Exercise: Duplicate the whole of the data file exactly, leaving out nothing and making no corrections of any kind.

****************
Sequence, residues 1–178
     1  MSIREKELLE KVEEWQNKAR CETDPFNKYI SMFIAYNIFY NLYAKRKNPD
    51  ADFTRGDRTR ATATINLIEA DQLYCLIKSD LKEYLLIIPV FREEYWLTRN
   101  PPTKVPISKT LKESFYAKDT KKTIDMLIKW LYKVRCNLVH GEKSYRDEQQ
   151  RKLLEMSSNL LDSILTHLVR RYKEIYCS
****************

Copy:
Sequence, residues 1–178
     1  MSIREKELLE KVEEWQNKAR CETDPFNKYI SMFIAYNIFY NLYAKRKNPD
    51  ADFTRGDRTR ATATINLIEA DQLYCLIKSD LKEYLLIIPV FREEYWLTRN
   101  PPTKVPISKT LKESFYAKDT KKTIDMLIKW LYKVRCNLVH GEKSYRDEQQ
   151  RKLLEMSSNL LDSILTHLVR RYKEIYCS